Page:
Bretz 7 recognizes that youth is important to beauty, emphasizing the need for perfect skin—a faculty of a young body, perfect hair, and skinniness (Senn). Mackenzie, an older teen, points out that beginning in middle school, girls begin to look for ways to change their appearances to match the standard of beauty provided by popular culture. She argues that the issue actually comes back to the insecurities created by pop culture; the images are internalized and create self-image issues, which then manifest in the changing of appearances not just to match the status quo, but to assert control over one’s body. “In middle school, girls started to talk about their hair, and I have never met a girl who loves her hair. Every girl just hates her hair; it’s like a requirement or something. But they have to learn how to control it, because that is part of what makes a girl beautiful” (Miller, emphasis mine). Perhaps she is right; pop culture provides a standard of beauty that is seemingly impossible to attain, but young girls and women alike can assert control over the situation by changing their appearances. However, Andi Zeisler in her book Feminism and Pop Culture argues that a woman’s choice to change her body to assert control is not empowering, but degrading, explaining that “the monolithic beauty industry that to thrive depends on perpetuating a cycle of women’s insecurity,” is preying on the weaknesses of women, after creating them itself (105). Women may think they are empowered by taking control of their appearances, but on what level are they actually responding to the messages pop culture is sending? The women I interviewed all expressed concern about this question. On one hand, women should have the freedom to do what they want with their bodies; they should not, however, feel pressured into doing anything with their bodies simply to achieve a standard of beauty that a multibillion dollar industry is creating. At the same time, though, there are very real consequences in our culture for not looking a certain way that can have significant effects on a young girl or woman. Jan and Michaela both noted that, while they would never encourage a woman to have plastic surgery to match up with the standard of beauty, they understood the idea that a woman who has been often insulted or ridiculed for something that is “wrong” with her body may, indeed, be empowered by the ability to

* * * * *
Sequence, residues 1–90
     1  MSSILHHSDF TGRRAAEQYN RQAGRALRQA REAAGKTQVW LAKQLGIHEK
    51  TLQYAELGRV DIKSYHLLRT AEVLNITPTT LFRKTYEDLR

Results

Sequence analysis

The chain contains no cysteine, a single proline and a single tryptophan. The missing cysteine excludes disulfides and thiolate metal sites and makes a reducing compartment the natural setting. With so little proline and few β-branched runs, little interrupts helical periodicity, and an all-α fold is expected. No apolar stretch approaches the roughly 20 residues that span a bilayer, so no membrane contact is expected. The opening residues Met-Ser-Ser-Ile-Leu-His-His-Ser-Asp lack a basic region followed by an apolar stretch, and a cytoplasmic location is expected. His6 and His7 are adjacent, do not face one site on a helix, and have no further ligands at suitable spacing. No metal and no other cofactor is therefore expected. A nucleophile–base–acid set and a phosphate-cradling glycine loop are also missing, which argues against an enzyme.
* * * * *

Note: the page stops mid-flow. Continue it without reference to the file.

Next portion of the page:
Bretz 8 change the object of that unwanted attention (Bretz and Schleicher). However, this again stems from the insecurities perpetuated by popular culture, illustrating that the root of the problem is still the same. The cyclical effects that pop culture and the plastic surgery industry have on women, then, leave our society with a rather puzzling problem: how can women resist the standard of beauty without constantly being compared to the very standard they are against? A large part of the solution may be to start raising our young women to accept who they are, regardless of what they see on television. Educating young girls about the danger of consuming too much media without a filter is the first step in creating a population of women who understand where their value truly comes from. In addition, teaching young girls and women about the cosmetic gaze will give them insight into why they see themselves and other women the way they do, and help them to formulate their opinions based on interaction rather than appearances. All five women I spoke with concurred: eliminating plastic surgery would not eradicate the problem of self-image and self-worth. Women and girls must realize that what they are comparing themselves to is an unrealistic expectation created by a culture that is fueling the beauty industry. Renee believes that “if there weren’t people making money off of convincing women that they aren’t good enough, then women would struggle as much as they do” (Meyer). Indeed, women and girls need to understand that linking appearance to value creates a downward spiral of insecurities and lies. Instead, as Renee says, we should work to ensure that “every woman thinks that who she is is enough” (Meyer). Right now, our culture proposes a solution to the insecurities it creates that only camouflages the true issue: the fact that women and girls are never told the truth about their inherent value. If we can teach young girls and women to find their value in character, talent, and being who they are, then we can raise a generation that is not controlled by the imagery of pop culture and does not turn immediately to plastic surgery to repair internal self-esteem issues. Michaela, Jan, and Renee all brought up Dove commercials as active solutions to the problem of self-image and where a woman finds her value. All five women I spoke with advocated teaching girls and